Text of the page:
An instance like this, where one of the most famous people in the world changes their hair, can lead to the next hair fail we’re talking about. 

Pop star Billie Eilish’s blonde hair has ignited a new trend among her fanbase. However, dyeing your hair can affect your hair in the long run. Chita explains that sometimes clients will make impulsive decisions that eventually damage their hair. 

“I require a consultation for new clients before we go with a major hair choice,” Chita said. “It helps me understand where the hair is and what we can do.”

Some styles won’t work for all hair types and textures, so it’s good to be informed about what you’re doing to it before committing. Especially if you’re thinking about using dye at home. You have to be sure about how your hair can hold up with a drastic change. 

Sometimes, it’s not a lack of technical skill, but technical knowledge. Because hair types aren’t universal, not knowing enough can lead to disaster.

Chita recommends that if you are in love with a new popular hair cut or color you want to try, to do some research if you can’t come into a salon for a consultation. That way, you’ll be able to avoid a hair fail.

Young woman attempting haircut without knowledge.

4. Lopsided Lines

“One of the biggest mistakes I see on dudes when they come into my shop is when the lines of their fades don’t match up,” celebrity barber Cutt Boss Ron said

If you’ve ever seen a fade, you know that part of the reason why they look great is because of how precise they are. Fades follow the natural hairline of its wearer, creating a simple and refined look. 

Because they’re so sharp, when fades aren’t clean though, they can be completely obvious. 

“Fades are easy to mess up and easier to spot when they are messed up,” said Ron. So it’s not hard to draw the conclusion that fades, while a good cut for beginners, should be done with the utmost attention. 

Cutt Boss recommends not to overdo it if you’re trying to do a fade at home and you’re a beginner. “You’ll just need a simple 1 or 5 set of clippers. Make sure they’re clean. Then, you just need to line up the way your clippers are moving with the way your hair grows.” 

If you keep those tips in mind, you can give yourself a nice, basic cut that keeps your edges looking sharp. Of course, there’s nothing wrong with seeing a pro to make sure you’ll walk out as your best, so don’t hesitate to head to Booksy to book your next appointment.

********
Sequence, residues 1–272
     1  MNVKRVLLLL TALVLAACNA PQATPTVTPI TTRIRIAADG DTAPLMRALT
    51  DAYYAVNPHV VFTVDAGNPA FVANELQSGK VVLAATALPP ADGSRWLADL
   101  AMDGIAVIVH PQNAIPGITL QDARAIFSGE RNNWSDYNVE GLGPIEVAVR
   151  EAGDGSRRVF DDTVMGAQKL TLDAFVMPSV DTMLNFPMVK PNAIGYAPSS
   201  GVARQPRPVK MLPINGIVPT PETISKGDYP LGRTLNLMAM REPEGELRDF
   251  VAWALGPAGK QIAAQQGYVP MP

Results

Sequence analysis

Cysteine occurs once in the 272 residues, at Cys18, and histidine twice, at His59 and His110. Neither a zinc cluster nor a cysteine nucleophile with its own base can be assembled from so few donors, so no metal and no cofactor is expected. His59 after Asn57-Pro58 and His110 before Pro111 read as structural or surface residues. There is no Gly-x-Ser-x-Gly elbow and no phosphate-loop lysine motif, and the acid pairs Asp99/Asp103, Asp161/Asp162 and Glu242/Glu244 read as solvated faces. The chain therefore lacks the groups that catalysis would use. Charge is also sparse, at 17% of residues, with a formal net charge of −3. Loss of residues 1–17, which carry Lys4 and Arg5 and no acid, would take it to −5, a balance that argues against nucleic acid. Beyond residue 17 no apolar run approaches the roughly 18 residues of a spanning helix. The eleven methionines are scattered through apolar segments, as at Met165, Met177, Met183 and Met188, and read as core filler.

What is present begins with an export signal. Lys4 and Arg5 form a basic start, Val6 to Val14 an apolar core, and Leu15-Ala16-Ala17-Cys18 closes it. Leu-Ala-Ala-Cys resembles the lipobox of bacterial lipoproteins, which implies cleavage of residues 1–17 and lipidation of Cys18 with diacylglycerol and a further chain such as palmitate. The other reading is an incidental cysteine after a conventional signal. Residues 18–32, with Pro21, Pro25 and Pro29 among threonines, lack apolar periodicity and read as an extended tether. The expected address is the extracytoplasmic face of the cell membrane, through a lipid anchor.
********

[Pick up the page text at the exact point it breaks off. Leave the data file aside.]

Man attempting to correct the lines of his fade.

5. Shocking Locks

When asked about the biggest barbering trends he’s been seeing lately, Ron had one answer. “Dreadlocks that stick straight up, and a reverse mullet in the South.” Ron mentioned places like Houston, Texas, have taken favorably to remixing the mullet, but young clientele in Florida are very interested in doing the same with dreadlocks. 

Cutt Boss Ron acknowledges the style might be too young for him to understand. However, he wanted to stress that dreadlocks can be difficult to maintain, and adding color can be risky. That said, one of the most appealing parts of this trend is the adding color into locs.

Have you seen the style yet? Dreadlocks, as you might know, are a popular protective African hair style. Protective styles are meant to shield African-American hair from damaging factors, like the sun’s rays. 

Currently, a lot of rappers have taken to adding colorful dreadlocks that stand almost at attention to be popular. It can be done using a lot of hair gel and spray, but you have to be careful about product buildup. Buildup makes the hair dirty, itchy, and prone to breaking off. That can lead to a huge fail. 

We’ve gone over dye already, so we know why that can be tricky for beginners to try. Adding a complicated chemical process to protective styles like dreads can be done, but Cutt Boss recommends not doing them at home. 

“You can easily take care of dreads at home, though. Just make sure they’re getting re-locked regularly.”

Man with dyed dreadlocks in a ponytail.